Flying Should Be More Like Going to Art Museums
Music, film and visual arts are improving the travelling experience.
When I’m inching beltless and shoeless through a long security line at an airport, or searching to buy an expensive, stale sandwich for an otherwise meal-less ride through the sky, or sprinting between distant gates to make a tight connection to my next flight, I am, like most air travelers, pretty stressed. But passing through the Minneapolis-St. Paul airport on a recent trip, I found a bit of something one rarely associates with the modern air travel experience: peace.
The mechanism for this stress reliever was something called the See 18 Film Screening Room. Just off the main walkway of Concourse C, I saw people quietly watching local art videos or just sitting and resting. They lounged on seating units that are essentially slabs set at an angle in symmetry, making the whole room a giant piece of art. Calm pervaded the space.
Where did this come from? And who paid for this lovely space, which could have been prime retail square footage? I learned that the film room was made possible by the airport’s “1 percent for the arts” program. It’s part of a larger movement across the country, with cities, states and independent facilities such as airports requiring or encouraging that construction or renovation contracts for public facilities set aside funds for artworks. It’s a good thing, helping to weave color, space and creativity into the fabric of our lives.
The state-led Metropolitan Airport Commission operates the Minneapolis-St. Paul airport, with board members appointed by the governor and the mayors of the two cities. In 2006, it approved the 1 percent for the arts program in its capital budget. The nonprofit Airport Foundation runs the arts program and makes recommendations, with the board approving all major art installations.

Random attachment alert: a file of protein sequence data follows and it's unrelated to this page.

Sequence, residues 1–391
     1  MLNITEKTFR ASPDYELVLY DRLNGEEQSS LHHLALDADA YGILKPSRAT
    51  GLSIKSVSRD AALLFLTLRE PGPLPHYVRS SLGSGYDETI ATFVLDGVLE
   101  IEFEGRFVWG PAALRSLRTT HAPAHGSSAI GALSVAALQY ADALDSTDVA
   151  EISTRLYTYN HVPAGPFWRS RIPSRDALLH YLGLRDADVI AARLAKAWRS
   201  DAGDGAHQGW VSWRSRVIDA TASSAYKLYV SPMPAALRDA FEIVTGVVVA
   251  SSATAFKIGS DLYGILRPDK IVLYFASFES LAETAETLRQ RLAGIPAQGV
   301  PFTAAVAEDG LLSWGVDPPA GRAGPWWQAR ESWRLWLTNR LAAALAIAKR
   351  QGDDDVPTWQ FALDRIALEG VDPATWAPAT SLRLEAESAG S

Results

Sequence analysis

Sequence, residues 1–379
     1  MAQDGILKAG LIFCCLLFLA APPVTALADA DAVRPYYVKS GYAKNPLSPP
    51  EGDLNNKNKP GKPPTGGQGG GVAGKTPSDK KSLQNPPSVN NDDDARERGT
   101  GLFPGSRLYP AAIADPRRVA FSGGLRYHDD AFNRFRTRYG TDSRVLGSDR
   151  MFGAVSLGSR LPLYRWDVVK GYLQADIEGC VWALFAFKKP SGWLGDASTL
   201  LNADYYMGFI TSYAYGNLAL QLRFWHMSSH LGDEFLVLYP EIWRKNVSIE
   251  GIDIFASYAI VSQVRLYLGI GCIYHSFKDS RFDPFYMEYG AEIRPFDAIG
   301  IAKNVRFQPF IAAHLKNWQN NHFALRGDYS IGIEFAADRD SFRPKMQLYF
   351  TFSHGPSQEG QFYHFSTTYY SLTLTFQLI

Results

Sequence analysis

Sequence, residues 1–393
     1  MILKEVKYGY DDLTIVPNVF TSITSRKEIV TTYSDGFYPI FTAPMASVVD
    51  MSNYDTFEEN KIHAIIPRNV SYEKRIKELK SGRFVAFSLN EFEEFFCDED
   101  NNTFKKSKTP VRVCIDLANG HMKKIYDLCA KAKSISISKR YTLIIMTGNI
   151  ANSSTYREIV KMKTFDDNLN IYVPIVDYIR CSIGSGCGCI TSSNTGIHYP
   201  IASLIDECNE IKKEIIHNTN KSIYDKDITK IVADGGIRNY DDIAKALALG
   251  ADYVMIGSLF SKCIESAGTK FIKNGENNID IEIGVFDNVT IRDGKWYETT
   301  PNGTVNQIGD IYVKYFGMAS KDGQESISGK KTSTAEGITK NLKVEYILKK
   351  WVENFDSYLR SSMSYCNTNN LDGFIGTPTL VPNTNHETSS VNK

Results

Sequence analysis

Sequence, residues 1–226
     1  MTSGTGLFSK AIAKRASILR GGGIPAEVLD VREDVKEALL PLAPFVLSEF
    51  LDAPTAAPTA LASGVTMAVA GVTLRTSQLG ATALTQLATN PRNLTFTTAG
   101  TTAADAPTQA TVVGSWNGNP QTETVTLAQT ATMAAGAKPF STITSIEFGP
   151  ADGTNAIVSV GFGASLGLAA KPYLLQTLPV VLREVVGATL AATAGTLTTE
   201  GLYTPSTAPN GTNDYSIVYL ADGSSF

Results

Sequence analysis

Other airports, including those in Atlanta, Baltimore, Denver, Phoenix and San Francisco, have similar programs. But I have not seen one as nice as the Twin Cities’. The program not only created the film room, but also provided the guitar-playing singer my wife enjoyed on one trip, as well as art-filled display cases here and there. It will pay for an “arts park” in front of a new hotel that recently opened, art in the new parking garage and a sculpture that will fill the two-level space between the ticketing and baggage claim areas.
The notion of having government directly paying for arts is a red flag for some, of course. “I had board members who didn’t think government should be supporting the arts, pure and simple,” says Dan Boivin, chair of the airport commission board. Despite that, the board unanimously approved the 1 percent program.
To Boivin, the notion always seemed like a good one for the Twin Cities, which is unusually strong in music, dance, theater and museums. “We have a vibrant community of the arts, and I wanted to bring that into the airport,” he says. After all, it’s the gateway to the region and, with 40 percent of its traffic due to connector flights, it made sense to give travelers who have a choice a reason to connect through Minneapolis-St. Paul.
If managed well and creatively, such programs are good policy options for enhancing livability. They help convert art from a rarified, elites-only domain into something enjoyed and discussed by everyone. I’d like to see governments expand these programs to new areas, such as roadways. How about giant sculptures in the grassy medians? Why not make more of our journeys efficient as well as colorful, engaging and thought-provoking?